Giving and removing permissions in SQL Server
By: Greg Robidoux | Updated: 2006-12-19 | Comments (12) | Related: More > Security
Often times when auditing SQL Servers I notice that most environments use the default database roles to grant access to users. These default roles such as db_owner, db_datareader and db_datawriter are great, but often times they give the users a lot more access then they really need. Giving permissions and removing permissions is not that hard to do within SQL Server, it just takes some time to determine what permissions should be applied.
SQL Server offers three pretty simple commands to give and remove access, these commands are:
- GRANT - gives a user permission to perform certain tasks on database objects
- DENY - denies any access to a user to perform certain tasks on database objects
- REVOKE - removes a grant or deny permission from a user on certain database objects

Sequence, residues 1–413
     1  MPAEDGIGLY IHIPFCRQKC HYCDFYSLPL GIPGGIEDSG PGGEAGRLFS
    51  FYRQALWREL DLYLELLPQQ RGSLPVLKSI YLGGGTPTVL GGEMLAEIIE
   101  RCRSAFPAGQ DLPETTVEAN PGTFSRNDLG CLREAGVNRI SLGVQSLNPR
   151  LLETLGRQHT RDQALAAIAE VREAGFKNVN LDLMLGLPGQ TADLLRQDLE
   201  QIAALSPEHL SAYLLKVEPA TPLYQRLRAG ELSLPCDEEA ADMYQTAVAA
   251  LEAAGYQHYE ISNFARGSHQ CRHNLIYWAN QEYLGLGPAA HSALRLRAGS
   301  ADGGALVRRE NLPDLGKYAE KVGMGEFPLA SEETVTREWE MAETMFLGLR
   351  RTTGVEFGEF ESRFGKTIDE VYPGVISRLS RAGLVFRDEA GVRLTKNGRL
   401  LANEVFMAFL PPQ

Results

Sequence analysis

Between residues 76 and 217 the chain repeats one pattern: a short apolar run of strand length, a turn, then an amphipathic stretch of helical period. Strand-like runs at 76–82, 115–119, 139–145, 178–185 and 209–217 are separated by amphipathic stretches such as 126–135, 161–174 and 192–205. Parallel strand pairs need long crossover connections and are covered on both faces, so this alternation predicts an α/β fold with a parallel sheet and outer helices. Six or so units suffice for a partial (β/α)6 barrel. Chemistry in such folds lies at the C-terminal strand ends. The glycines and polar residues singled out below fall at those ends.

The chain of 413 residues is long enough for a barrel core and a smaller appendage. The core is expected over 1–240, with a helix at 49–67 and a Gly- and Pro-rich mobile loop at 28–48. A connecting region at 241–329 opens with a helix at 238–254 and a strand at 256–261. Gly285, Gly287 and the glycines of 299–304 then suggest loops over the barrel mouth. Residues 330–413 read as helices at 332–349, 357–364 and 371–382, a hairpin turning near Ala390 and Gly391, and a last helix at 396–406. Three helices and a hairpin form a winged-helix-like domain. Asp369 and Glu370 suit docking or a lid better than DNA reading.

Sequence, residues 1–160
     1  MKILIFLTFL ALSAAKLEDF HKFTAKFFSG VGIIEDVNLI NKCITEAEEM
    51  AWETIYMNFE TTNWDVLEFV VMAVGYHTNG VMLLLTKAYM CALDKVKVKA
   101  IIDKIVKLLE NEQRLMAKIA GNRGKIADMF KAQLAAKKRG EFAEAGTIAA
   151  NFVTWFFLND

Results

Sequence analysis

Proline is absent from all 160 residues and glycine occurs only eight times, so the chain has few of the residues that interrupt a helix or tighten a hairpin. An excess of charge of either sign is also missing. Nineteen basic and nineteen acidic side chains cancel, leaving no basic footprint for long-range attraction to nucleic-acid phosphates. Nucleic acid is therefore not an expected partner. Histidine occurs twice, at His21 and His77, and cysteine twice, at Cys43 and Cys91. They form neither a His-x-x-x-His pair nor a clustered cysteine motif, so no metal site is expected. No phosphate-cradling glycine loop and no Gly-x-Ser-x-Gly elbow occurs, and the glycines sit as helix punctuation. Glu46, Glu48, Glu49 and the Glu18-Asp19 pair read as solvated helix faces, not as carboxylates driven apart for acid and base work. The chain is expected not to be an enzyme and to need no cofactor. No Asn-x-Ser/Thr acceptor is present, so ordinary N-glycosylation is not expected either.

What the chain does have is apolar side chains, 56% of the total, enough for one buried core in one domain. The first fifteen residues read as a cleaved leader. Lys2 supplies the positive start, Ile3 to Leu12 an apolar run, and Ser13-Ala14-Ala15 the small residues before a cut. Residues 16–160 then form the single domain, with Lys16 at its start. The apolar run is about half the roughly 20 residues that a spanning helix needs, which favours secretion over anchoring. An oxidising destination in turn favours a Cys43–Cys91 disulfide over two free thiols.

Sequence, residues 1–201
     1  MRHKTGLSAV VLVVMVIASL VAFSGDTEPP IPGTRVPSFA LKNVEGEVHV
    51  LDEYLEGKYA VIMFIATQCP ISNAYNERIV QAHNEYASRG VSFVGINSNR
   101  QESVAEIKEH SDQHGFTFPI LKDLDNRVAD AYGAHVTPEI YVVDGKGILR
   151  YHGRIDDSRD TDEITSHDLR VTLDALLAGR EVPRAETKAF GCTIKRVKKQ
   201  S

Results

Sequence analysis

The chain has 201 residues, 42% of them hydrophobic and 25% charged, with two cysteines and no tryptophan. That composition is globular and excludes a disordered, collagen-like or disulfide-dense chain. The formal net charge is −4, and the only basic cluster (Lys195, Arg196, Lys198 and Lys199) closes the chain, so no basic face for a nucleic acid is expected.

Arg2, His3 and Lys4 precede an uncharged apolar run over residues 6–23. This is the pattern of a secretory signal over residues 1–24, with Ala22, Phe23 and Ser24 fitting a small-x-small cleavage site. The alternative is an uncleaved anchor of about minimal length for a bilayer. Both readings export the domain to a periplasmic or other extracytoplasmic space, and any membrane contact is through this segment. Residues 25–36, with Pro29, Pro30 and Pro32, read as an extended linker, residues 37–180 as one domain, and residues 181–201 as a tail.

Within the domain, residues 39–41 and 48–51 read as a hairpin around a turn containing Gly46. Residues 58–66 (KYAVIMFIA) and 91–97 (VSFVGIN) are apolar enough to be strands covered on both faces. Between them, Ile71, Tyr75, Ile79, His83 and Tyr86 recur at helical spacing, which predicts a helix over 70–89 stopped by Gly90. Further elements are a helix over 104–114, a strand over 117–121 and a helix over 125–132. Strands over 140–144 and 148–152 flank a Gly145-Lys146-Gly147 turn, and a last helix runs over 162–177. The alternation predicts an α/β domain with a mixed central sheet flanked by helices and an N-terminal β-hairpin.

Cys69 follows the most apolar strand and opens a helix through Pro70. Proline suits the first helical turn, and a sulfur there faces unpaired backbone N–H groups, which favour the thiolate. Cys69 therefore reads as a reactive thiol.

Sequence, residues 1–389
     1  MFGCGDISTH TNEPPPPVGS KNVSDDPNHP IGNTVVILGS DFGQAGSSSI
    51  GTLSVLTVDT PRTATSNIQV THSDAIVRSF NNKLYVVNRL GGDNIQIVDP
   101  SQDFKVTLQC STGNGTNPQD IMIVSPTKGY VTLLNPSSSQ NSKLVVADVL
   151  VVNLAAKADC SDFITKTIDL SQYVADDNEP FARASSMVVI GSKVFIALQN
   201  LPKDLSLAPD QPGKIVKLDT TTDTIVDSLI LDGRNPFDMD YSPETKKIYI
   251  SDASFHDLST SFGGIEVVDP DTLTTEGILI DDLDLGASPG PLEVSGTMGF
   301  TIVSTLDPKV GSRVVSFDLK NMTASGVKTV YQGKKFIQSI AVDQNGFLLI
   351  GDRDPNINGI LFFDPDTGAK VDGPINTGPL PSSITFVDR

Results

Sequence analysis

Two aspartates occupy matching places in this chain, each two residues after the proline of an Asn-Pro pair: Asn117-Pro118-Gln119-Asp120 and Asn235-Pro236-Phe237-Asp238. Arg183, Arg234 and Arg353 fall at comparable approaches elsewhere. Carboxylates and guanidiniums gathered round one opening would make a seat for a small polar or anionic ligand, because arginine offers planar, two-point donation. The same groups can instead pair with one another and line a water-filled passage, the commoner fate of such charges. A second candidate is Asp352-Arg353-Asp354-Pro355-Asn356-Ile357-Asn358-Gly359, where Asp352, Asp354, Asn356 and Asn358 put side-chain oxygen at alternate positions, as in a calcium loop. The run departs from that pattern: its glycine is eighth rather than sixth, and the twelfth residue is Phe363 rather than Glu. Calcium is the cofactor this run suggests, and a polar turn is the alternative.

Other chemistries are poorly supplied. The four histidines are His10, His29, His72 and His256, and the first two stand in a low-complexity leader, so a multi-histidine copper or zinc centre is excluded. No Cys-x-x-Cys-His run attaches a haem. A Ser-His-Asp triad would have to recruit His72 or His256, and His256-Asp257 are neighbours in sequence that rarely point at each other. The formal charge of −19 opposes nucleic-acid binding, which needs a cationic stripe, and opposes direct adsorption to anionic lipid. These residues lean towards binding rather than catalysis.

Here are some examples of these commands.
Allow users Joe and Mary to SELECT, INSERT and UPDATE data in table Customers
GRANT INSERT, UPDATE, SELECT ON Customers TO Joe, Mary
Revoke UPDATE access to table Customers for user Joe
REVOKE UPDATE ON Customers to Joe
DENY DELETE access to table Customers for user Joe and Mary
DENY DELETE ON Customers to Joe, Mary
As you can see from the above examples it is pretty easy to grant, deny and revoke access. In addition to grant SELECT, INSERT, DELETE and UPDATE rights you can also grant EXECUTE rights to run a stored procedure as follows:
GRANT EXEC ON uspInsertCustomers TO Joe
To determine what rights have been granted in a database use the sp_helprotect stored procedure.
In addition to granting rights to objects that you create you can also grant users permissions to do other tasks such as create tables, views, stored procedures, etc... To grant a user permissions to create a table you would run this command.
GRANT CREATE TABLE TO Joe
As you can see granting rights and permissions to certain features is not all that difficult to do. Take the time to understand what permissions are really needed by the database users and grant, deny and revoke accordingly instead of just using the default database roles.
- Take a look at this tip on how to determine what permissions have been granted Auditing your SQL Server database and server permissions
- Take a look at these commands for other examples
Last Updated: 2006-12-19
About the author
View all my tips